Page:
In 1697 and 1698 Thomas Burnett (1635?-1715) of the Charterhouse published three Remarks on Locke’s Essay. The first of Burnet’s two Remarks were published in 1697 and the third in 1698. Locke reacted to the first Remark in a postscript to his First Reply to Stillingfleet (1697). When he wrote the postcript, Locke was not yet aware that Burnet was the author of the anonymous Remarks. Samuel Bold briefed him about the identity of the author later in 1697. Locke also entered marginalia in Burnet’s first and the third Remarks. His marginalium in the first Remarks, produced in 1697, concerns Burnet’s criticism of Locke’s observation that there is no proof for the opinion that the soule always thinks (‘Marginalium in Thomas Burnet’s Remarks upon an Essay). The marginalia in the third Remark, produced in 1699-c. 1700, react to Burnet’s attack of Locke’s denial of innate principles and the possibility of thinking matter (‘Marginalia in Thomas Burnet’s Third Remarks).

In 1697 Samuel Bold had written a defence of Locke’s Reasonableness of Christianity. In 1698 he came again to Locke’s rescue; this time he tried to stem the tide of rising criticism against the Essay. Locke’s views about the possibility of thinking matter had not only angered Stillingfleet and Sergeant, but also the Cambridge theologian Robert Jenkin (1656-1727), who attacked the Essay in The Reasonableness and Certainty of the Christian Religion (1696-1697). In 1698 Bold wrote a reply against Stillingfleet and Jenkin, in which he defended not only Locke’s views on thinking matter, but also his concept of knowledge, which is not based on general maxims, but on the perception of the agreement or disagreement of ideas. He sent the manuscript to Locke, who supplied a list of amendments. Bold’s manuscript is lost, but Locke’s remarks have survived. Bold used most remarks for the final version of his reaction, Some Considerations of the Principal Objections and Arguments Which Have Been Publish’d Against Mr. Lock’s Essay Of Humane Understanding (1699). Locke’s remarks have been included as a separate text (‘Observations on Bold’s papers’), followed by a transcription of Some Considerations in which Locke’s remarks have been included at their approximate corresponding place (‘Samuel Bold, Some Considerations).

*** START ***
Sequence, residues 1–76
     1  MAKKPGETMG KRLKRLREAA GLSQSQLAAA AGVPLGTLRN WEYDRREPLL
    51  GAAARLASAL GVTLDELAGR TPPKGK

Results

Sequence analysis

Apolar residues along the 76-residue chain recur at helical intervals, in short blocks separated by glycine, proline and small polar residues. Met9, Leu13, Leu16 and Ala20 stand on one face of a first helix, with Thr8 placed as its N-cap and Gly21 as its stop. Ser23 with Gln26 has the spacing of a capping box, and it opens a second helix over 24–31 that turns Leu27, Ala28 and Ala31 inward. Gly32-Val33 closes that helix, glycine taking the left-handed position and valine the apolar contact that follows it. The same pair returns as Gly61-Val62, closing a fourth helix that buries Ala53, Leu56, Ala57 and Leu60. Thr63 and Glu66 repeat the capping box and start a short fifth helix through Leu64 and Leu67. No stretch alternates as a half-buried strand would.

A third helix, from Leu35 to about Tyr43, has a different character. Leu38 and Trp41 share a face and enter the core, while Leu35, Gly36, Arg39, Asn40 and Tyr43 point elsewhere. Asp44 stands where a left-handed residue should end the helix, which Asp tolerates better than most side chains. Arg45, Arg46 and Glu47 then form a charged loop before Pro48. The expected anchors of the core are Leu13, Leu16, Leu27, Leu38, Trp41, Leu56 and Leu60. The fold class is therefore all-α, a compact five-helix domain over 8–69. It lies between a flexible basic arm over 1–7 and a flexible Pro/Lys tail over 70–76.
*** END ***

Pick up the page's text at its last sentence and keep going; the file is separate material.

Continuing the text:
In c. 1699 Locke wrote two short additions to the Essay, one (IV.xii.3) on ‘Maxims’ in which he denies that knowledge is derived from general maxims, and another (III.vi.26), ‘Monsieur Menage’, about the importance of nominal versus real essences. The topic of maxims figures in Locke’s marginalia in Sergeant’s Solid philosophy and in Bold’s Some Considerations; ‘Maxims’ is possibly related by this polemical context.

Finally, in 1702 Locke produced some observations on the difference between judging, election and resolution, ‘Voluntas’. In 1700 the French translation of the Essay by Pierre Coste had been published. Locke had sent a copy of this translation to Van Limborch, whose critical questions about the chapter II.xxi ‘Of Power’ would figure prominently in their correspondence of 1701-1702. One important topic in this discussion was the precise relation between the understanding and the will. The note on ‘Voluntas’ may have been elicited by this discussion.

Woolhouse, p. 267.
Essay, ‘The Epistle to the Reader’, p. 7.
Cranston, pp. 282-283.
Molyneux, Dioptrica, pp. xl-xli.
Letter 2277, Corr. vi, pp. 142-143.
See Chronology [59].
Fox Bourne, vol. II, p. 449, n. 2 and Axtell, ‘Locke, Newton’, p. 238.
The Oxford catalogue does not list the books that Locke had in London, which means that the balance between the different categories of books listed in this catalogue may not completely reflect the proportions within the complete collection of his books in 1681.
LL, p. 15.
Letter 1826, Corr. v, p. 237: ‘Theologiam tuam Christianam quamprimum otium nactus fuero diligentius perscrutabo, his enim jam fere studiis mihi vacandum censeo.’
Letter 2310, Corr. vi, p. 190.
Cf. Nidditch, ‘Introduction’ to the Essay, p. xix: ‘…in amending the Essay, Locke responded positively and expansively mainly to the generous encouragement and polite suggestions of his friends’.
See Chronology [8].
See Chronology [10].
See Chronology [8], [10], [11], [19], [21], [25], [26], [31], [33], [34], [36], [42], [46], [55], and [56].
The first part of this text was possibly added after the first edition of the Essay; see below, Manuscripts MS Locke c.28, fols 143-154 [5].
The idea of a demonstrated ethics was not new of course; Spinoza’s Ethica was an obvious earlier exemple; another, little-noted possible influence may have been Ehrenfried Walther von Tschirnhaus, Medicina mentis, sive Tentamen genuinae logicae (1687), which is also structured ‘more geometrico’ and from which Locke made extensive notes in his Journal, MS Locke f.9, pp. 52-75 on 29 December 1686. On Tschirnhaus and Locke see Montuori, ‘Tschirnhaus e Locke’, passim.
See Chronology [4].
See Chronology [89]. On Norris see also Chronology [2], [3], [5], [12], [13], [14], [14], [18], [22], [22], [23], [38], [65], [67], [96], and [97].
SP, pp. 153-176.
PW, pp. 140-213.
See Schuurman, ‘Vision in God and Thinking Matter’, passim.
See Chronology [6] and [35]; see also Nidditch, ‘Introduction’ to Essay, pp. xix-xxv.
See Chronology [17] and [29].
Nidditch, ‘Introduction’ to Essay, p. xx.
See Chronology [40].
See Chronology [44].
See Chronology [48].
See Chronology [45].
See Chronology [49].
See Chronology [28]. Although the empty entry on ‘Enthusiasm’ in MS c.28 fol. 115r is the earliest entry on the subject as an addition to the Essay, there is a much earlier entry on the topic in Locke’s Journal, MS f.6, pp. 20-25, dated 19 February 1682. This entry is the first of three comments on John Smith’s Select Discourses (1660).
See Chronology [41], [45], [49], [50], and [52].
See Chronology [94].
See Chronology [60].
See Chronology [62].
See Schuurman, Ideas, Mental Faculties and Method, pp. 50-54.
See Schuurman, ‘Locke’s Logic of Ideas in Context’, passim.
See Chronology [66].
See Chronology [65].
See Works, 4, pp. 185-189.
See Chronology [71].
Bold, Some Passages in the Reasonableness of Christianity.
See Chronology [90].
See Chronology [92].